Everyone here has a pretty good idea of the score. The game was never designed to include trading, adding it would be a major design change. Why did they choose to do it this way? Not sure. It's probably not a matter of money, after all for the reasons stated above games with trading are generally much more profitable. I do know it was designed to be managed intimately, by a small group of GM's who pay a lot of attention to the game itself and its players. For reasons of balance and scams, a trading system would require a much larger staff to constantly police and regulate the system, investigate fraud claims and scan external sites for illegal auctions. Makes my head spin just thinking about it.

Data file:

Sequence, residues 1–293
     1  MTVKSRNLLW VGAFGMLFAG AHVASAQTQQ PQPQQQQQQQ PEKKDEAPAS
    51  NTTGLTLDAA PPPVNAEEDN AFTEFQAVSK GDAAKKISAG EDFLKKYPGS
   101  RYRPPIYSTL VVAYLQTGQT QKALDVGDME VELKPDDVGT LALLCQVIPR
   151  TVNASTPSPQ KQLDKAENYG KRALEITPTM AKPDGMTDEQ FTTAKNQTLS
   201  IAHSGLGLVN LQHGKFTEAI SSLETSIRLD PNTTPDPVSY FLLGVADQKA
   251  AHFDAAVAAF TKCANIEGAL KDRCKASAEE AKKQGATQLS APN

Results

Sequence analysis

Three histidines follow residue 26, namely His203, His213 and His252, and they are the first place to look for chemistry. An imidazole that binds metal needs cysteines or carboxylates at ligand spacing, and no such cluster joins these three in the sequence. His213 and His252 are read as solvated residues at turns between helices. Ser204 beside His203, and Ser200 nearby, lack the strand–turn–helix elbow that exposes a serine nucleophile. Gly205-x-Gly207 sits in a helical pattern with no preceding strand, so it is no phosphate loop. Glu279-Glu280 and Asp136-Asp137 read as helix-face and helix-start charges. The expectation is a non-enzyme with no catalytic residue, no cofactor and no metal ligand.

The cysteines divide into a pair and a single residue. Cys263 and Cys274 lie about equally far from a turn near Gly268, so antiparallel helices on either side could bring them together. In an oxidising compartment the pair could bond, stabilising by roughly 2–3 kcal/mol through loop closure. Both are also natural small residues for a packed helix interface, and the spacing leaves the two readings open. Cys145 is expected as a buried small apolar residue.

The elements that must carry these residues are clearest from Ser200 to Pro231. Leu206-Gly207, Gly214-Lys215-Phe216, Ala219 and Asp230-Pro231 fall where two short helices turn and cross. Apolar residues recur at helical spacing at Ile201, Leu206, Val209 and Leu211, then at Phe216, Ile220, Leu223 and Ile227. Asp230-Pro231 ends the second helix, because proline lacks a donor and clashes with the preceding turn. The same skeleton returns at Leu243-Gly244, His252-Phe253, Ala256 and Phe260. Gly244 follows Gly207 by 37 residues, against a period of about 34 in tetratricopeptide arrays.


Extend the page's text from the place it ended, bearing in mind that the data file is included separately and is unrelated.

As for the other questions, yes, the average player only plays a few games a day, so 100 people on at a time is not bad. The Japanese game, when we started, I think topped out around 600 or 700. Considering the popularity there, the number of years they were up, and the number of accounts they had, I'd say we're on our way.
And friend referrals... we all want to do something like this. It's a bit difficult since we allow multiple accounts, though. As soon as we come up with a good way and work the logistics out, we'll put it before the Japanese.
"Scissors are overpowered. Rock is fine." -Paper